Geoffrey W. Bromiley (Ed. And Trans.), Karl Barth: Letters, 1961-1868, (Eerdmans, 1981).
This volume represents 350+ pages of Barth’s correspondence during the last years of his life, stretching from his retirement to his death. Also included are a number of replies from the recipients of Barth’s correspondence. In this volume Barth addresses such diverse figures as Emil Brunner, Pope Paul VI, Barth’s sons and other family, personages Barth met in the United States, a number of those whom Barth confirmed during his time at Safenwil, Hans Küng, Jürgen Moltmann, Wolfhart Pannenberg, Karl Rahner, Martin Neimöller, James I. McCord (former PTS president), Josef Hromadka, Paul Tillich, Eberhard Jüngel, Eberhard Bethge (Bonhoeffer’s close friend, student, and biographer), and numerous others. This really is a very fine collection, with excellent notes to help you grasp the many allusions, both literary and to Sitz im Leben. I heartily recommend it. One useful and gratifying thing that I learned through this volume is that Barth preached his last sermon precisely 19 years before the day I was born – if only the number ‘19’ was more symbolic. I’ve included two juicy tidbits from this volume below as a kind of teaser.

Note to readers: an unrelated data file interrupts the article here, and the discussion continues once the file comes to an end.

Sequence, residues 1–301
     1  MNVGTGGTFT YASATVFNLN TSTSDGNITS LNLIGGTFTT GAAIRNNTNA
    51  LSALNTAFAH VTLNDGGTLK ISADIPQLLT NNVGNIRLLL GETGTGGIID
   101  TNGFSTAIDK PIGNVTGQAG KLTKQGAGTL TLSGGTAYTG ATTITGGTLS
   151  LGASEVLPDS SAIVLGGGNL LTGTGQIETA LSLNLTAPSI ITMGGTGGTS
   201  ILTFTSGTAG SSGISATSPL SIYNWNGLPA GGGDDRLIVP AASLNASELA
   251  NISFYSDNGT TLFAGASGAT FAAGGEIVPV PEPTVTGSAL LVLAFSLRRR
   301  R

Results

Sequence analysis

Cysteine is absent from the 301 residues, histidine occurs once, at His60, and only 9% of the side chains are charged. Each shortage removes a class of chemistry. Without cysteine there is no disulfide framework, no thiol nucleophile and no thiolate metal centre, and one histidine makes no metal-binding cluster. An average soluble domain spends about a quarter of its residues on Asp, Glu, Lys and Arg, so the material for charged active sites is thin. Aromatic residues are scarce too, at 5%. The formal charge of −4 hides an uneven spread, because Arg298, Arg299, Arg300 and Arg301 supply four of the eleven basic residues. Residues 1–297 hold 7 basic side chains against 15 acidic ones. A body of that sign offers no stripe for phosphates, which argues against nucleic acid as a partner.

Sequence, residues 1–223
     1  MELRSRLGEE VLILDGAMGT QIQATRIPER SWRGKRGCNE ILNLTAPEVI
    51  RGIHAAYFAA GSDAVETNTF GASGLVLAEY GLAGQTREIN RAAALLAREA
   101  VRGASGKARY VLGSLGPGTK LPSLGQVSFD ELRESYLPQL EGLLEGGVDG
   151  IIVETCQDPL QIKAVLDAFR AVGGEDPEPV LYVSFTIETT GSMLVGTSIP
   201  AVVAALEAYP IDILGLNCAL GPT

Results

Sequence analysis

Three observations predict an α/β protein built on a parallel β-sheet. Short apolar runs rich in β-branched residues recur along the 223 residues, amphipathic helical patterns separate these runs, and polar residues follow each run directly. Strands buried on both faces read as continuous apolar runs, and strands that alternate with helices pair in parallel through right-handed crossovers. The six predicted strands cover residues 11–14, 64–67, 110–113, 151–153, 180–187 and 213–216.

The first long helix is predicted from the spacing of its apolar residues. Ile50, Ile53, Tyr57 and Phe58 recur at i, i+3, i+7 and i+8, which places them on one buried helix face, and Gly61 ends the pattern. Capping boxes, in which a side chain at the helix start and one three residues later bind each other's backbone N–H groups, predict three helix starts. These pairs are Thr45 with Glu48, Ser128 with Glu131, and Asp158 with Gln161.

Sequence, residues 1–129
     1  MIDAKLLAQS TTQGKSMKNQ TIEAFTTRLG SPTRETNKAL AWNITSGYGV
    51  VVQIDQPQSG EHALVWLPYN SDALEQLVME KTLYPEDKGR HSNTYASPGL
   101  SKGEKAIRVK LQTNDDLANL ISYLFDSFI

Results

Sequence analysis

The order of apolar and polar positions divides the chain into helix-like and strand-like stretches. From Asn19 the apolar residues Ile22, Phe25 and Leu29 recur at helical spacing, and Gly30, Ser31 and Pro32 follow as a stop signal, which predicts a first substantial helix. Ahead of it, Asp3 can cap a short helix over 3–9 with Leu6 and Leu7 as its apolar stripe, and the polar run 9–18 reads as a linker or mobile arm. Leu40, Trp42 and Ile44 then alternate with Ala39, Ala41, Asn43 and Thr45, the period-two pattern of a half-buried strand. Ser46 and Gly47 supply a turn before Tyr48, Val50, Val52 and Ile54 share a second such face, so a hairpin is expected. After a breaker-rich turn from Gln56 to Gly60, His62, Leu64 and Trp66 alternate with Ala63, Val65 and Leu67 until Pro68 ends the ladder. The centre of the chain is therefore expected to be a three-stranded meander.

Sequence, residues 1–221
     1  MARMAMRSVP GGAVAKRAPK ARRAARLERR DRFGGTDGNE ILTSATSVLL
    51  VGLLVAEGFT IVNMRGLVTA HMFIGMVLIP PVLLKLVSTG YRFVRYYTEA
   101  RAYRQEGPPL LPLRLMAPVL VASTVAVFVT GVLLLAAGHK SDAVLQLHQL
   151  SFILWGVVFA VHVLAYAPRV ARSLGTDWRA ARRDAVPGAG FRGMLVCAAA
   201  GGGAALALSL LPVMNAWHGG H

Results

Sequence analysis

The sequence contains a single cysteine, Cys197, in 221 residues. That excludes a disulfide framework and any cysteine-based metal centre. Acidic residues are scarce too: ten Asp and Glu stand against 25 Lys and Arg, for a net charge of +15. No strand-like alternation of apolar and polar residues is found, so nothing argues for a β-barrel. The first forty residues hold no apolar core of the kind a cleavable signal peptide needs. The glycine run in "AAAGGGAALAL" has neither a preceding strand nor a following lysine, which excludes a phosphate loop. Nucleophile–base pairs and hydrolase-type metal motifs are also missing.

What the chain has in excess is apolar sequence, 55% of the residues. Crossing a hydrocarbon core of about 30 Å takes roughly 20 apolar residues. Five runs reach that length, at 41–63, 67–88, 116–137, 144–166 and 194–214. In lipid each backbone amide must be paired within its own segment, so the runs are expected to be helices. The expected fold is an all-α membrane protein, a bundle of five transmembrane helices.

“That Hegel could still have a future, as I predicted…I still regard as probable, although in the meantime the flood of existentialism has risen higher and higher. Where I stand will be well known to you: I believe more than ever that as a theologian one should know philosophy but should not in any sense become or be a philosopher.” Letter 138
“Luther’s Romans was one of the books I read and had ready to hand at Safenwil in 1916-1918. But even then I had some mistrust of the man which become stronger during my fifteen years at German universities – the German soul is by nature Lutheran – and here at Basel when I held my seminar on Luther and the Fanatics. Calvin is not my man on every point, but he was and is the superior teacher.” Letter 254